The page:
The secondary sector contributed 0.7 percentage points to GDP growth after subtracting 0.3 points in 2009. Volumes increased 3.3% in 2010, however, after declining 1.5% in 2009.  This growth was mainly generated by the agri-food industry and vigorous demand in building and public works. Agri-food production was down but there was significant growth in its added value, which increased 14.5% in 2010 after 17.8% in 2009. The sector benefited from the recovery in domestic demand, particularly in the Centre, North and West zones. The construction sector showed 13.6% growth in 2010 after contracting 7.6% in 2009. It benefited from the restart of major state building projects and the implementation of measures contained in the Poverty Reduction Strategy Paper (PRSP) regarding infrastructure and buildings for the social sectors. The secondary sector remains the area of the economy which has been the most exposed to the crisis and the accompanying sanctions imposed on the country and the one most weakened by them. The uncertainties created by the socio-political situation and the lack of visibility are having negative consequences on the sector. The reduction of manufacturing and agri-food activity under the combined effects of input supply difficulties, the serious deterioration in the security situation and contraction in demand will have a significant impact on the construction sector in 2011. The cessation of work on projects financed by the World Bank and the EU as a result of asset freezing measures increases the risk that the sector will be paralysed.

The dynamism and vigour of the tertiary sector held up in 2010. The sector continues to play a key role in the Ivorian economy. It represented 37.2% of GDP in 2010 against 36.8% in 2009 and contributed 1.8% to GDP growth as in 2009. The sector showed an estimated real growth rate of 4.9% in 2010 after 5% in 2009 thanks to good performances from all sub-sectors, particularly telecommunication, commerce and services. Telecommunications sector growth in 2010 is estimated at 5.5%, mainly driven by growth in mobile telephone activity, particularly in the Centre, North and West zones. The dynamism of the commerce sector, which showed 5.4% growth in 2010 against 3.8% in 2009, is the result of recovery in retail trading. Services showed 4.2% growth in 2010 after 3% in 2009, benefiting from the relative normalisation of the socio-political and business climate at the start of the year, which favoured a recovery in tourism, hotels, catering and other services. The dynamism of the commerce sector had a positive impact on transport, which showed 2.2% growth.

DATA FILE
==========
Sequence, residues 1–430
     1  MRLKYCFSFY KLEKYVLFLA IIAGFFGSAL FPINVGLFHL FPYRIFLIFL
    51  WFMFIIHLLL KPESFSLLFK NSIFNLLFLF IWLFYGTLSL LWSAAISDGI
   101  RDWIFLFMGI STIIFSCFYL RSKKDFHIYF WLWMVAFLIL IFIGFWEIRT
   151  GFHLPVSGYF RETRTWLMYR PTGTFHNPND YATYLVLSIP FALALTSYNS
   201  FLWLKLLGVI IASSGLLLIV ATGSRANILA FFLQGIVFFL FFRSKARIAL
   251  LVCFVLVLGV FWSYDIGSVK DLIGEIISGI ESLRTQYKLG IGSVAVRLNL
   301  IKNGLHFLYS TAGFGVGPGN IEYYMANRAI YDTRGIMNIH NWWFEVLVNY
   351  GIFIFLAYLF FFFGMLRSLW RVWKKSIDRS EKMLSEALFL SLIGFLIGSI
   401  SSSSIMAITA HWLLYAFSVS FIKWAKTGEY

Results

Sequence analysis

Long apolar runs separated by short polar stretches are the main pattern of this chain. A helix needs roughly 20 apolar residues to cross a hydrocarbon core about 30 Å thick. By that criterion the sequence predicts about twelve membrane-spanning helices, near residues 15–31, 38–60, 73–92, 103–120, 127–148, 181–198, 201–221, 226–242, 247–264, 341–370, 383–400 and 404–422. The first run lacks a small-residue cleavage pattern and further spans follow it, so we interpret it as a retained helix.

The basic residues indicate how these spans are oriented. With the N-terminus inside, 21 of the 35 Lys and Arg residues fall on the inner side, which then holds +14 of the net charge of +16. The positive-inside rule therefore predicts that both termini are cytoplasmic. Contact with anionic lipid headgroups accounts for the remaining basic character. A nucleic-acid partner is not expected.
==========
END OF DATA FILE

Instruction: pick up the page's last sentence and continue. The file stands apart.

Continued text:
The immediate effects of the post-electoral crisis on tertiary activities are already being felt in 2011. They include a slowdown in activity in the transport, tourism and hotel and catering sectors as security has again broken down, while the commerce sector is becoming increasingly morose. There are also difficulties paying transactions by cheque or by electronic transfer.  Closure of the majority of credit establishments and problems transferring funds from Europe as a result of the EU’s sanctions have created liquidity problems. The insurance sector has not escaped this difficult situation which has been aggravated by a cascade of closures among banks and other financial establishments. Its turnover is under threat from increases in reinsurance premiums and difficulty recovering premiums from the state and public bodies, as well as from suspensions of contracts reaching their term. Cash flow problems, which have been exacerbated by bank closures, are further endangering small and medium-sized companies.

Real GDP growth in 2010 was driven by demand. As regards domestic demand, the contribution of final consumption to GDP was 1.4% . As for external demand, exports contributed 1.3%. Total investment shrank an estimated 0.1% in 2010. This lower performance was the result of a 3% fall in private investment, which was affected by growing political tension during the pre-electoral period and strikes, power cuts and other disruption during the first half of 2010. Its effect was attenuated, however, by positive growth in public investment, which rose 6.3% in line with the effort made to finance public sector construction projects and to implement the reconstruction and poverty eradication programmes.

In late 2010 and early 2011, the political crisis has disrupted the economy. At the time of writing this report, Mr.Gbagbo has been arrested and Mr. Ouattara has taken full power. The export ban on cocoa has been lifted, but it is unclear how quickly the economy will recover.